We see little of the Ghost of Christmas Future, besides a black cloak, that covers the spirit from head to toe. We see a human hand, but little else. The Ghost brings Ebenezer to a pawn shop, where he sees his housekeeper pawning off his valuables, along with the undertaker and another woman. All laugh and cheer the death of Ebenezer. When he is finally brought to his grave, he breaks down, unable to take anymore. He begs for mercy, asking how he can change, he is but an old man, it’s too late. And suddenly, he finds himself in his bed. Scrooge steps out of bed, as his house keeper enters the room. Scrooge asks the day, and is elated to discover its Christmas. In this sequence, Sim plays Scrooge as if a giddy drunk. He cannot contain his joy, and instantly gives his house keeper a raise. She, of course, is terrified he has lost his mind. But he assures her he is simply a new man. And he’s thrilled by it. He secretly sends a prize turkey to the Cratchit family. Young Tiny Tim, in this version deduces that it was Scrooge, which feels a little overly silly, because his reasoning is, “I don’t know how I know, I just feel it.” However, making up for that is the heartfelt moment when Scrooge apologizes to Fred’s wife (Olga Edwardes) for being so foolish towards her and Fred. It’s a very touching scene. Alistair Sim’s best performance in the film is at the end. He can’t contain himself, and it’s enormously contagious as the film closes.
It is interesting how much back story you get on Scrooge in this version, the majority of the film is spent with the Ghost of Christmas Past. The Ghosts are also quite gentle and non-threatening, even Marley is not fear or awe inducing. But the film still works on the strengths of it’s actors. Also worth noting is the music. It makes heavy use of traditional Christmas songs, especially “Hark the Herald Angels Sing” and “Silent Night”. Hark the Herald Angels Sing is even incorporated into the haunting score during the opening credits so that it flits from a choir singing the carol to a thundering symphony playing an original score.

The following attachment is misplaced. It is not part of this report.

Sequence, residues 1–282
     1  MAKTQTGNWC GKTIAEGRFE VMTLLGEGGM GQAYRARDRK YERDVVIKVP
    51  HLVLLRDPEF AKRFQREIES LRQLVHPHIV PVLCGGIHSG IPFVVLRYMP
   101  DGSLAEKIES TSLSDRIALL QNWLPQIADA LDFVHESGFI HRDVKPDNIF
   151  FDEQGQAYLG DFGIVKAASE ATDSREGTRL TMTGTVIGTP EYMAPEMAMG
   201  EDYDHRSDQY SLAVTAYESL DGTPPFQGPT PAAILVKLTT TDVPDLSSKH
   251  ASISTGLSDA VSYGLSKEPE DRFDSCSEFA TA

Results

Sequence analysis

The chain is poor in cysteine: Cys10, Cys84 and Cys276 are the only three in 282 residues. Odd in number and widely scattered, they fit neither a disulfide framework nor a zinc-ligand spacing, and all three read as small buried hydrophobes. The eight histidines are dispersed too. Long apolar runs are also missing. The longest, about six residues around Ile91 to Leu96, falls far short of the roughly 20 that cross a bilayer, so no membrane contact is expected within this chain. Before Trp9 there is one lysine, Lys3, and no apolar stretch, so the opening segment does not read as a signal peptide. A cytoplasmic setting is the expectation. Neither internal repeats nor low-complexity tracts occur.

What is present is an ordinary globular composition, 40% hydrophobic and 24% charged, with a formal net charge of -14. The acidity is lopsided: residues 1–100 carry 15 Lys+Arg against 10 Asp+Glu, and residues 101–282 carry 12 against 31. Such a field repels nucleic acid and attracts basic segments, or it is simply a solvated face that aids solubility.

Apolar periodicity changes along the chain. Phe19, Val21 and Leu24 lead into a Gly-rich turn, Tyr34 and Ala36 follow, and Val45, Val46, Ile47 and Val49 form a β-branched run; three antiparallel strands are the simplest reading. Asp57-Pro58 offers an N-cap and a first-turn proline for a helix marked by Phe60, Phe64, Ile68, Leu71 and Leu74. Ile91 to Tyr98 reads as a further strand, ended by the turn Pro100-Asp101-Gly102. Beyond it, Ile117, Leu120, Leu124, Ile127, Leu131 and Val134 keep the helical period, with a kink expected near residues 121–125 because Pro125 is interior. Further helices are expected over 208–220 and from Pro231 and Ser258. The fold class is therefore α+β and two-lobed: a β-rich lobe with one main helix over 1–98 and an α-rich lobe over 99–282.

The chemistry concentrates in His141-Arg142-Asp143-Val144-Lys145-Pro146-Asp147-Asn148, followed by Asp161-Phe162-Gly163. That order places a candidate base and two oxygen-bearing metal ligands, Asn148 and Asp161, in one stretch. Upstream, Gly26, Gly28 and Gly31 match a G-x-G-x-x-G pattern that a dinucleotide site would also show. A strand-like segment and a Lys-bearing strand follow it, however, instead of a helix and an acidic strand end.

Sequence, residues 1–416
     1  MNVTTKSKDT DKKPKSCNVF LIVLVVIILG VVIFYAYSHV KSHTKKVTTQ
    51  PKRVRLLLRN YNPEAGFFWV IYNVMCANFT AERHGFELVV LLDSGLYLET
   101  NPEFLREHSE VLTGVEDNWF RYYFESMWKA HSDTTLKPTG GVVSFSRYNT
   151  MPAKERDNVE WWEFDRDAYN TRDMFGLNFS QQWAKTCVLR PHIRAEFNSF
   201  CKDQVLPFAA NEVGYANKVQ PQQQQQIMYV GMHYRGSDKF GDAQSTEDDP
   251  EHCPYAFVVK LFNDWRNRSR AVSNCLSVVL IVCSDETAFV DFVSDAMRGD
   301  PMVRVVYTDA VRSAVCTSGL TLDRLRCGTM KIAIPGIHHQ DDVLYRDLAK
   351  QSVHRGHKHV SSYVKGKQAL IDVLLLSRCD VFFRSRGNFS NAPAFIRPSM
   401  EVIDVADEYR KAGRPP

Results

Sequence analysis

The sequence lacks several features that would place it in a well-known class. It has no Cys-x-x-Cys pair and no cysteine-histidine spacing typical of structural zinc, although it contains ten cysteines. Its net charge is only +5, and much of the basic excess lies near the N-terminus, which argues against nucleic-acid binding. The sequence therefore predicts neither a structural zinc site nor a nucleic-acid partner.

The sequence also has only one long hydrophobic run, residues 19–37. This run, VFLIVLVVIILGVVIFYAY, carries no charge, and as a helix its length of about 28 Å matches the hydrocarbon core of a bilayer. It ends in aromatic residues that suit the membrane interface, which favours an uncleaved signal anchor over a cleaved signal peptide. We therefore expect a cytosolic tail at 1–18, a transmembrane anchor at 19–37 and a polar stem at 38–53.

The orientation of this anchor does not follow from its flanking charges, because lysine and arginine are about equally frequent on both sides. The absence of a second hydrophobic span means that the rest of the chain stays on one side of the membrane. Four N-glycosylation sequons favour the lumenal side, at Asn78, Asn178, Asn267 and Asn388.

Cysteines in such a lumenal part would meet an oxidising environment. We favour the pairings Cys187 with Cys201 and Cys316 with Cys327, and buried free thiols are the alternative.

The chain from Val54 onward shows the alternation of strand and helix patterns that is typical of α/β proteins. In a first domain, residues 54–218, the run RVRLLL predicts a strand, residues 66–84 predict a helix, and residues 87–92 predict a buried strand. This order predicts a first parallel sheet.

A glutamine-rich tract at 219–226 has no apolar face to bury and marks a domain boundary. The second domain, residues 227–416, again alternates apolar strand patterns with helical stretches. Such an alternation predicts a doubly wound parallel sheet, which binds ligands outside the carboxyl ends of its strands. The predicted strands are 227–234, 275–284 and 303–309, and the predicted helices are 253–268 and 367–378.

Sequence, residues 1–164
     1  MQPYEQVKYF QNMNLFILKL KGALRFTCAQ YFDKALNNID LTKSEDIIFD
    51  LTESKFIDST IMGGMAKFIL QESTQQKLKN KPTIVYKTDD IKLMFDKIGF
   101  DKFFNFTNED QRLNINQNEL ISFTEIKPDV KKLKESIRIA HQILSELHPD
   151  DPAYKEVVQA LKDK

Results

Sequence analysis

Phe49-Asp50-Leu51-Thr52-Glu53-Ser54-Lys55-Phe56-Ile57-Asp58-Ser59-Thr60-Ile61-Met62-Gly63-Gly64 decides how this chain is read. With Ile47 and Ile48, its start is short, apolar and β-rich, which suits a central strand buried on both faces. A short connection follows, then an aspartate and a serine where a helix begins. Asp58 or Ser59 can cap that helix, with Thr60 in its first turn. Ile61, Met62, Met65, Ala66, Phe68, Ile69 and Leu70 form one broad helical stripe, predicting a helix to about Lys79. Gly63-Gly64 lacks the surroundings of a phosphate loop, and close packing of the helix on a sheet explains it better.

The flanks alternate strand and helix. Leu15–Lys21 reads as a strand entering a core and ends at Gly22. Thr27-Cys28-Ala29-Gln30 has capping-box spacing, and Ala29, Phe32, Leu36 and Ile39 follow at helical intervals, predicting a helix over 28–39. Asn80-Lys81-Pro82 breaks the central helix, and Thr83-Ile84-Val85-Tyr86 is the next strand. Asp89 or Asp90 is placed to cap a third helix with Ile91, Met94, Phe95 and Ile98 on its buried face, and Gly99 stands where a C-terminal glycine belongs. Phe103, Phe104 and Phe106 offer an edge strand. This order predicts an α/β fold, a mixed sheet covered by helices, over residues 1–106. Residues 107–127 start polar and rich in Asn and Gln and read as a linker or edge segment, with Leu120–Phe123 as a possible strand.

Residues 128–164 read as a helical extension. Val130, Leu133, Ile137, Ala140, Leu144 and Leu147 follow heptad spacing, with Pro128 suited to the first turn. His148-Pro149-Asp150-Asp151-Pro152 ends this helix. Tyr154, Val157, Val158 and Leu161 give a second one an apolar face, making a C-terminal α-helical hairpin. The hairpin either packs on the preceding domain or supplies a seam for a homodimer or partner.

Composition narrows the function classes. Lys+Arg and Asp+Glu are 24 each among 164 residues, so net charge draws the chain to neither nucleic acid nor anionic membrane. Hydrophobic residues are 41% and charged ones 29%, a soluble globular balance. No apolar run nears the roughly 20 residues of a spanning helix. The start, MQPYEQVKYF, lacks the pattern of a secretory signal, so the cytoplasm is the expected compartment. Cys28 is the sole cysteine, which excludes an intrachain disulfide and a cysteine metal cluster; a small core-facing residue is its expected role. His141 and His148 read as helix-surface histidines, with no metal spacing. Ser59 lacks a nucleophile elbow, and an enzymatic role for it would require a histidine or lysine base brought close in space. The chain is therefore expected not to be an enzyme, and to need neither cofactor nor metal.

I have always had a soft spot for Charles Dickens’ A Christmas Carol.Oh, that is underselling it. It is my favorite Christmas tale. I like it more than the Christmas Story from the Bible. I can watch endless attempts to tell the tale.
I like the whole idea behind it. The ghosts, the memories, the redemptive nature of the story, the hope it tells of in our choices. It fills me with a certain joy and hope for what can be. I also think it is a “pure” horror story. Strong horror often can have a moral center, as opposed to the diluted in the modern world which often means “gory”. But A Christmas Carol is a true horror story.
Marley returns from the grave, given an opportunity to help one of his only friends from suffering his miserable fate. The ghosts are going to torment Scrooge with what could have been, what is and what might be. And Ebeneezer Scrooge? He is timeless. We see him today, unwilling to share, hoarding wealth, justifying his miserly ways.
“Are there no prisons?”
“And the Union workhouses. Are they still in operation?”
“If they would rather die, they had better do it, and decrease the surplus population.”
“I haven’t SQUANDERED it, if that’s what you mean by “making myself comfortable!”
We justify greed and miserly ways. We call it good business sense. It is a powerful tale, one to be reminded of every year…
So I thought I would look at nine different versions of the film. It’s fascinating to see the variety of ways the filmmakers have sought to portray Marley and the Ghosts. I hope to keep adding to this list each year…focusing on the good, the bad…but we will coubntdown to Christmas day starting tomorrow.
(The featured image is actor Tom Atkins as Scrooge. I would love to see his stage performance of this wonderful story. But that would involve a road trip to Pittsburgh)